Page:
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"How dare I claim to be a sage or a benevolent man?"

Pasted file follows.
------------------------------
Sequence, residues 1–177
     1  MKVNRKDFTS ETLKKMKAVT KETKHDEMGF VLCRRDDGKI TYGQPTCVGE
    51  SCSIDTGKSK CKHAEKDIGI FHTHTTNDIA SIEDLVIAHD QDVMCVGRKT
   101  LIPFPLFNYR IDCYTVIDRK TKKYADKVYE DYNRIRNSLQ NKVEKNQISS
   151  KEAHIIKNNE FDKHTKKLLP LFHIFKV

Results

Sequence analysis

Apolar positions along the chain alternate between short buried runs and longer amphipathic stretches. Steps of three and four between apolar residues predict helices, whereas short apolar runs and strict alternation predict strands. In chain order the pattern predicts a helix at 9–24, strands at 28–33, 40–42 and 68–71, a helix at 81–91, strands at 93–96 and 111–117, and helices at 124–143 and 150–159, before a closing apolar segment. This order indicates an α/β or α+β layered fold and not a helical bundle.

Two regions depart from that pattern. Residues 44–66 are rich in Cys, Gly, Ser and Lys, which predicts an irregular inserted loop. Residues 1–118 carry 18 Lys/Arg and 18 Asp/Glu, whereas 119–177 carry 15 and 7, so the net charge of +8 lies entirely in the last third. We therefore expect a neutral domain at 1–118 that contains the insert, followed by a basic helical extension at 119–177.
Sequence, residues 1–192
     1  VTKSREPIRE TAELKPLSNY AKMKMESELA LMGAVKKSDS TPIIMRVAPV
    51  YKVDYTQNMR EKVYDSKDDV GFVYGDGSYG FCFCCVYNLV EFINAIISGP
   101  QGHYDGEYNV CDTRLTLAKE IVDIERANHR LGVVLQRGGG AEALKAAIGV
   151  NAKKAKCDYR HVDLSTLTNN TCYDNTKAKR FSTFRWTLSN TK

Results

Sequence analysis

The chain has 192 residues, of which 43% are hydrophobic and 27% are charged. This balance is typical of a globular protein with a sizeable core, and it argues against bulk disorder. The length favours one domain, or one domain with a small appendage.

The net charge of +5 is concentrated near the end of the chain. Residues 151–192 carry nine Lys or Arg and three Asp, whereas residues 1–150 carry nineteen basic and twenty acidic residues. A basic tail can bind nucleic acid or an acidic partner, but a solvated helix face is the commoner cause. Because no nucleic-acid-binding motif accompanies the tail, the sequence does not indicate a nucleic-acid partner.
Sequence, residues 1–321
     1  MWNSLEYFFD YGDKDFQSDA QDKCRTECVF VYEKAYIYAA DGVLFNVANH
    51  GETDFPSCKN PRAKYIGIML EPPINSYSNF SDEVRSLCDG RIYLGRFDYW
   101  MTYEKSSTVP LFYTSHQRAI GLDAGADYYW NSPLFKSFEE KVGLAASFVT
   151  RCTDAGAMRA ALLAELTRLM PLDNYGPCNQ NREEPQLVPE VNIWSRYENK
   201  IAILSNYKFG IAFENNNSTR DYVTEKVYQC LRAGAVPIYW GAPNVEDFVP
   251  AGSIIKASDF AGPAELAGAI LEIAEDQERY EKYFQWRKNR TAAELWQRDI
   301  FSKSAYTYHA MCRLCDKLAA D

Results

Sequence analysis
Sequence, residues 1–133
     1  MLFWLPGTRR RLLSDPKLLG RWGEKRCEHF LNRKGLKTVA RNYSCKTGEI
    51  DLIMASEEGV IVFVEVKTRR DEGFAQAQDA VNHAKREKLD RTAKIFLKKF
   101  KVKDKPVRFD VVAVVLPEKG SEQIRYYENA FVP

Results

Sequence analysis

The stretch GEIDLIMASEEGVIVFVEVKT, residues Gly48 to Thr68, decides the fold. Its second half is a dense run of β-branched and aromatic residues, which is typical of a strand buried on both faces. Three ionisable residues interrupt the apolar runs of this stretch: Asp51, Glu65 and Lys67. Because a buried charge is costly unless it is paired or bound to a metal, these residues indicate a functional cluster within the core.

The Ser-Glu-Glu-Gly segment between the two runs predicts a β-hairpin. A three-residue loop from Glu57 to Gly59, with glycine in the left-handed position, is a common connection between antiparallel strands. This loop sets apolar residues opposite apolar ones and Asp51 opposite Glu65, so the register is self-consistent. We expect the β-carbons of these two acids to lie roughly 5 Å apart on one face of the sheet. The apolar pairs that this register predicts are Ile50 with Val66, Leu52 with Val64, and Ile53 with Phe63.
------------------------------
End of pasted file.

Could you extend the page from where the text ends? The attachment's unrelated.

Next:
By constructing the philosophy expressed through The Analects, Confucius might well dare to make such a claim. The Analects are a collection of Confucius' sayings, compiled by his pupils shortly after his death in 497 B.C., and they reflect the extent to which Confucius held up a moral ideal for all men. The aim is the perfection of one's moral character, the method one of arduous pursuit of such moral attributes as benevolence, wisdom, courage; the result is no recompense either in this life or the next – to follow the Way must be its own reward. A harsh philosophy perhaps, but shining through it is the splendid intellect and spirit of one of the most reasonable and humane thinkers of all time.